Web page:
Two of the men, Ian Jones and Damian Emetuche, are part of the growing number of international-born professors at NOBTS. Jones was born in Australia and spent his formative years in Malaysia and Australia. Emetuche, the first African faculty member at NOBTS, is Nigerian. The faculty also includes Korean-born Deok Jae Lee; Jake Roudkovski, born in Kazakhstan; and Cuban-born David Lema.
Kelley said these men are bringing a "global voice" to the seminary's faculty, providing a richer learning experience for students.
Ian Jones, appointed as professor of psychology and counseling, brings extensive teaching and counseling experience to NOBTS. He holds two doctor of philosophy degrees -- one from Southwestern Baptist Theological Seminary and one from the University of North Texas. Jones also earned two master's degrees at SWBTS.
Jones comes to NOBTS from Southwestern where he has taught since 1997. Before joining the SWBTS faculty, Jones served 12 years on the faculty of Howard Payne University in Brownwood, Texas.
Following the Sept. 15, 1999, shooting at Wedgwood Baptist Church in Fort Worth, Jones was called on to counsel the survivors. During the shooting, a gunman killed seven people and wounded many others. Research gleaned from his personal experience with the tragedy is included in his book "The Counsel of Heaven: Foundations for Biblical Christian Counseling."
Kathy Steele, NOBTS associate professor of psychology and counseling, said Jones "brings a wealth of knowledge and experience in the field of Christian counseling to our program, as well as an established reputation among evangelicals. He adds to the growing richness of an international presence and worldview for our students."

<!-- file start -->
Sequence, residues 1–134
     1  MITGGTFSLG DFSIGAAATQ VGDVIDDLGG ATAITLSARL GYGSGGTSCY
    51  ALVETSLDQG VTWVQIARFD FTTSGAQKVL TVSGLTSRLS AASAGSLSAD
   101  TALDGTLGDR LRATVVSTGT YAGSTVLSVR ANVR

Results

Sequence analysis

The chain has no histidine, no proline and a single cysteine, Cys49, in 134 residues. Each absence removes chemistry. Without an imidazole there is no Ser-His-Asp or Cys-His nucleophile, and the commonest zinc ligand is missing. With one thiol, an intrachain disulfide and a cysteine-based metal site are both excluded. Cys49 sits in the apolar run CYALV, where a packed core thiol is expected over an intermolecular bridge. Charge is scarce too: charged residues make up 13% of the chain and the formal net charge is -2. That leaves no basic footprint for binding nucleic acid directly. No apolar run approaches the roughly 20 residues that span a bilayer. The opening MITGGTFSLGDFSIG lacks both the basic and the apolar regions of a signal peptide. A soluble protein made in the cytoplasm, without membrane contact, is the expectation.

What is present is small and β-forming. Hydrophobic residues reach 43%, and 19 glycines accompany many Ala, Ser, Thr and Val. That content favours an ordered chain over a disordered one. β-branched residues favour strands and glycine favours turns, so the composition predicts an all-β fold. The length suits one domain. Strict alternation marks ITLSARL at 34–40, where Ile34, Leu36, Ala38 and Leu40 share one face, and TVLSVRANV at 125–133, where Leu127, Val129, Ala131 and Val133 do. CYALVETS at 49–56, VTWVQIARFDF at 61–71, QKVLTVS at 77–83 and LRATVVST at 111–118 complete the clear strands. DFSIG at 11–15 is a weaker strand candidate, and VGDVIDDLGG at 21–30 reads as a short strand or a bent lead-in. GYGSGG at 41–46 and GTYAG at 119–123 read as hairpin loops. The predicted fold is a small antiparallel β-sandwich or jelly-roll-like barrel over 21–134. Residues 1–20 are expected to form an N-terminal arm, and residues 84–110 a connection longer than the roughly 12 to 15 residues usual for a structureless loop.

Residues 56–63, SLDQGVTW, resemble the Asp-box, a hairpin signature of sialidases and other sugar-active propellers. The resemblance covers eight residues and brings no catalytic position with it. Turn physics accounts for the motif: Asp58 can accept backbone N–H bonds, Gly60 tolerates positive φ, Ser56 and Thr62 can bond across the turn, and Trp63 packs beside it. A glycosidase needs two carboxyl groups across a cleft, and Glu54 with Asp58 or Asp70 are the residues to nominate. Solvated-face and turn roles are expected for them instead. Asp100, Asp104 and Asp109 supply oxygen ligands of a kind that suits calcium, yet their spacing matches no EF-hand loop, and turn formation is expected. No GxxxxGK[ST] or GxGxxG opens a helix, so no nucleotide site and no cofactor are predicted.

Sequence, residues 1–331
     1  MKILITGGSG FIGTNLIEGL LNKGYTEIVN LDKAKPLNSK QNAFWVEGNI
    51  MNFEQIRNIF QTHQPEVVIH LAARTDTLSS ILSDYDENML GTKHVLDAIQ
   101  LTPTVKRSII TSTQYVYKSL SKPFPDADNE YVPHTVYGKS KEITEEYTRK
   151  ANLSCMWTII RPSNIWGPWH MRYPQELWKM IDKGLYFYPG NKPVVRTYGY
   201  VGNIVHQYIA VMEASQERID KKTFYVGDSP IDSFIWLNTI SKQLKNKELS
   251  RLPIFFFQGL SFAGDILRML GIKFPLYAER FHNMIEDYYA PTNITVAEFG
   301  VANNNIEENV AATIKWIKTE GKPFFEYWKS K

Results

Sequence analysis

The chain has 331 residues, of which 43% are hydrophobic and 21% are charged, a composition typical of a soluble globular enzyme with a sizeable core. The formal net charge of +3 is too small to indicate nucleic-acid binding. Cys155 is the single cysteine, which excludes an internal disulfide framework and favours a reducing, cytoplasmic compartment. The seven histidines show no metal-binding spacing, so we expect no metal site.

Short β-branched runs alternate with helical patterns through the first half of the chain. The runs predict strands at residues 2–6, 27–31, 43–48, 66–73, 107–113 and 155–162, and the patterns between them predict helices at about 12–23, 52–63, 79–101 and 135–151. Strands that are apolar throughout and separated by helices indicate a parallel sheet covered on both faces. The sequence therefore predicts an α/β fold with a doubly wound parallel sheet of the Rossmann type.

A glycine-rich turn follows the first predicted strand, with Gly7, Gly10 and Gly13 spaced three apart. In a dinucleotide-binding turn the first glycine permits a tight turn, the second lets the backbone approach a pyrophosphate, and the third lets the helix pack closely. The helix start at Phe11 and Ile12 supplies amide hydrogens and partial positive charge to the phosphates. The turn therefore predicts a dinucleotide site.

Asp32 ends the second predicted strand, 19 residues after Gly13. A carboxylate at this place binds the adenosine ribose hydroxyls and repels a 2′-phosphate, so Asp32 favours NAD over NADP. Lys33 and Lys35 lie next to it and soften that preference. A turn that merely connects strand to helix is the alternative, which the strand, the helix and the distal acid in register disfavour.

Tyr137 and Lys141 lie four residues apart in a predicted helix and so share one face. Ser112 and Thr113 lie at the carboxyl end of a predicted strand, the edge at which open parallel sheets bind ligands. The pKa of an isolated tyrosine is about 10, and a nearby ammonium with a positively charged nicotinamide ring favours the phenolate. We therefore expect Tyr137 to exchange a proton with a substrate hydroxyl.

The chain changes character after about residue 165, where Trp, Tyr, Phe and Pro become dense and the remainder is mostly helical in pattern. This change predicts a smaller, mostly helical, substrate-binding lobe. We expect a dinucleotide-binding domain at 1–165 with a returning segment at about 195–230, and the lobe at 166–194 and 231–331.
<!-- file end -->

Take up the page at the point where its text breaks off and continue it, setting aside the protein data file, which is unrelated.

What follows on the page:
Jones will occupy the Baptist Community Ministries Chair of Pastoral Counseling.
Emetuche, appointed as assistant professor of church planting and as director of the seminary's Day Center for Church Planting, comes to NOBTS as a joint appointment with the North American Mission Board. He will lead the Nehemiah Project at NOBTS, a church planting initiative that places a NAMB-approved professor at each of the six Southern Baptist seminaries.
Though born in Nigeria, Emetuche has served as a NAMB church planter in Ohio and Washington. Before coming to the United States, he served as a pastor in Nigeria and a missionary and church planter in Ivory Coast. He speaks English, French and Igbo.
Emetuche earned a bachelor of theology and master of theology degree from Southern Baptist Theological Seminary's Nigerian campus and then completed a doctor of philosophy degree in missions and cultural anthropology from Southern Seminary.
"I am very excited that God has brought Dr. Emetuche to this role," said Ken Weathersby, vice president of NAMB's church planting group. "His personal background and his Ph.D. in cultural anthropology have made him well-equipped for the challenges of church planting. It helps him understand the diversity and complexity of our land and he knows that our church planting efforts must take on many forms and approaches, while always lifting up Christ as the one and only means to the salvation our land so desperately needs."
Emetuche will occupy the Cecil B. Day Chair of Church Planting.
The third appointee, Christopher Turner, serves as assistant professor of voice. Turner earned bachelor of music and master of music degrees at Mississippi College in Clinton. This year Turner completed a doctor of musical arts degree with emphasis in vocal performance at Louisiana State University in Baton Rouge.
Currently serving as the minister of music at First Baptist Church in Baton Rouge, Turner has 15 years of experience in local church music ministry. Turner taught at NOBTS as an adjunct professor during the 2009-10 school year and gained classroom experience as a graduate teaching assistant at LSU from 2006-09.
Kelley also announced the following faculty appointments:
-- Allen England as director of doctor of educational ministry program.
-- Jerry Pounds as acting chair of Christian education division.
-- Reggie Ogea to the Perry Sanders Chair for Pastoral Leadership.
-- Lloyd Harsch to the Cooperative Program Chair of SBC Studies.
-- Steve Lemke to the McFarland Chair of Theology.
-- Kathy Steele to the James H. and E. Brown Chair of Christian Counseling.
Gary D. Myers is director of public relations at New Orleans Baptist Theological Seminary.
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